SPEAKING PARTS (director/writer: Atom Egoyan; cinematographer: Paul Sarossy; editor: Bruce McDonald; music: Mychael Danna; cast: Michael McManus (Lance), Arsinée Khanjian (Lisa), Gabrielle Rose (Clara), Tony Nardi (Eddy), David Hemblen (Producer), Frank Tata (Clara’s brother), Gérard Parkes (Father), Jackie Samuda (Bride), Peter Krantz (Groom); Runtime: 93; MPAA Rating: NR; producer: Atom Egoyan; Zeitgeist Films; 1989-Canada)
“It spoke to me as being more smart than enjoyable.”
Reviewed by Dennis Schwartz
Canadian filmmaker Atom Egoyan’ (“Family Viewing”/”Next of Kin”) third feature is a curious and intelligent personal drama that covers contemporary questions about sex, death and videotapes, but remains too flat, academic and opaque to be stimulating. It cast its light on the thought of media as the message, as it depicts a fantasy dramatization grounded in reality–whereby video and TV is examined as a means of becoming more important than life itself. It links those mediums with the way viewers regard the world and shows how easy it is for them to be manipulated and how egocentric are those involved in the industry.
The nonrealistic plot features an intertwining story revolving around an aspiring actor, playing extras but with no speaking part so far to his credit, Lance (Michael McManus), caught between two women. The first is a brooding and almost zombie-like hotel chambermaid named Lise (Arsinee Khanjian) who is obsessed with her long-haired handsome coworker Lance, a gigolo who services the female hotel guests as part of his regular work schedule with the full permission of his supervisor. Lise has rented in the local video store all his films that range in genres from horror to drama to porn and why she repeatedly only rents those movies confounds the alert video clerk Eddy (Tony Nardi), an aspiring filmmaker who videotapes weddings and parties. Lise badgers him into letting her try her hand at filmmaking, as she does an unauthorized interview of a bride that brings repercussions from her family to Eddy. The second woman is a hotel guest named Clara (Gabrielle Rose), whom Lance manipulates into giving him a screentest for the true life story she wrote for a TV movie. It tells of Clara’s life-saving organ donation to her brother David, who will die anyway. Lance ignores Lisa while pursuing the part and builds up a sexual relationship with Clara that continues with video phone hookup; their affair is based on each doing the other a favor. At a board meeting, the big boss producer (David Hemblen) is seen on a big screen dominating the meeting from his distant perch. He upsets Clara by radically changing the script and considering her so unimportant he doesn’t even meet with her, saying that he’s successful because he knows what the public wants.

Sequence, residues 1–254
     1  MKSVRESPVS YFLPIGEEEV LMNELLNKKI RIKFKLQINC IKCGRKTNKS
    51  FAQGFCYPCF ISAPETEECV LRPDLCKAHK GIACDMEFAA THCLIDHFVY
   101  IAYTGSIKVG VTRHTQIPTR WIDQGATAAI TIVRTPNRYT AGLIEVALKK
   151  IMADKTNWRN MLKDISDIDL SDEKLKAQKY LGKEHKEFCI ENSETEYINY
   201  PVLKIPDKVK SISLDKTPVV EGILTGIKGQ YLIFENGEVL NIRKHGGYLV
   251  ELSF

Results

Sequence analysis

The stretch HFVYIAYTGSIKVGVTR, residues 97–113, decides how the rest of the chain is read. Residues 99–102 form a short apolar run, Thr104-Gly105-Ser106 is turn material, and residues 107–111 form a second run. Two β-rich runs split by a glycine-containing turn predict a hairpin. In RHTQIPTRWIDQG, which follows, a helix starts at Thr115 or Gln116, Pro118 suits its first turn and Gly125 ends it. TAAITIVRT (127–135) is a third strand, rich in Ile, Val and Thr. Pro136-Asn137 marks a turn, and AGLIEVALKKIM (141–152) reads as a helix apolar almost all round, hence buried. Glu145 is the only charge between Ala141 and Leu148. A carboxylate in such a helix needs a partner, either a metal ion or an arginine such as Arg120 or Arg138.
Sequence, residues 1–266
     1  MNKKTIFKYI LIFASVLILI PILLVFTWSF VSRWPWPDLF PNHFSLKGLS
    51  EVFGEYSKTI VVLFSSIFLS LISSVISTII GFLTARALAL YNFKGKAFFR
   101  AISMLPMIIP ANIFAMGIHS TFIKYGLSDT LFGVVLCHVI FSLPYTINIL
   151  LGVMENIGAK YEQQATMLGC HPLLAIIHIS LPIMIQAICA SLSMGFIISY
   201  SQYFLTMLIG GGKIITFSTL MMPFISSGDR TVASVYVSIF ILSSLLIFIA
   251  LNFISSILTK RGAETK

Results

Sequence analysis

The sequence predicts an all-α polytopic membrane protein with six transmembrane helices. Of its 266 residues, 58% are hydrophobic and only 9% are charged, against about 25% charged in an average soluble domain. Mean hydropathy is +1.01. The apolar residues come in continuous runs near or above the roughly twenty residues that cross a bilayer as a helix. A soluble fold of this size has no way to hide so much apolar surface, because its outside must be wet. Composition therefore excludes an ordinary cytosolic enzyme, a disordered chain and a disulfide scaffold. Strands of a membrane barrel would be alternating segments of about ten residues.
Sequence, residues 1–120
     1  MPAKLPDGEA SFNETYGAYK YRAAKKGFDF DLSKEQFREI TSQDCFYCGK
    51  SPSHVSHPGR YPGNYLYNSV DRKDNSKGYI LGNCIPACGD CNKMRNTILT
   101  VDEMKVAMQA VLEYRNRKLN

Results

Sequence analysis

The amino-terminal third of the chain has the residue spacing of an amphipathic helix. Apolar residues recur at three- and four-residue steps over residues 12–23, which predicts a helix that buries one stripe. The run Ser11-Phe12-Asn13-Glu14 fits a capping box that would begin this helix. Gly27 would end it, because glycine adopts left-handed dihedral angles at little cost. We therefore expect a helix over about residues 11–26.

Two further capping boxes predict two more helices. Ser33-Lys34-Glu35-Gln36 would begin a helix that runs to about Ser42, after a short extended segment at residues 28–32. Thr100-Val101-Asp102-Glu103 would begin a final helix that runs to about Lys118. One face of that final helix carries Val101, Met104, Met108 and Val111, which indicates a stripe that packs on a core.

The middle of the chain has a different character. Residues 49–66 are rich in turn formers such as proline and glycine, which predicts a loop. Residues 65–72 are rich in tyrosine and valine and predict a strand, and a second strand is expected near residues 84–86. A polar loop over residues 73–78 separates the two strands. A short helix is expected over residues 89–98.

The complex relations between those mentioned above has them viewed as if they are more like television creations than real people (to make that concept sink in, all the players can be viewed as interchangeable), as it builds to reach by artificial and not too exciting means the filmmaker’s intended agenda of technology acting more to deter our ability to communicate rather than its hoped for purpose to improve it. Egoyan is not interested in totally condemning the communication process through TV and video telephone hookups, but is instead more critical of its ambiguous state in society and how it can, if allowed, subvert our real lives. As an intellectual thesis it takes root with some acceptable analysis, but it leaves a void in being so emotionally cold. It spoke to me as being more smart than enjoyable.
REVIEWED ON 7/26/2006 GRADE: B
Dennis Schwartz: “Ozus’ World Movie Reviews”
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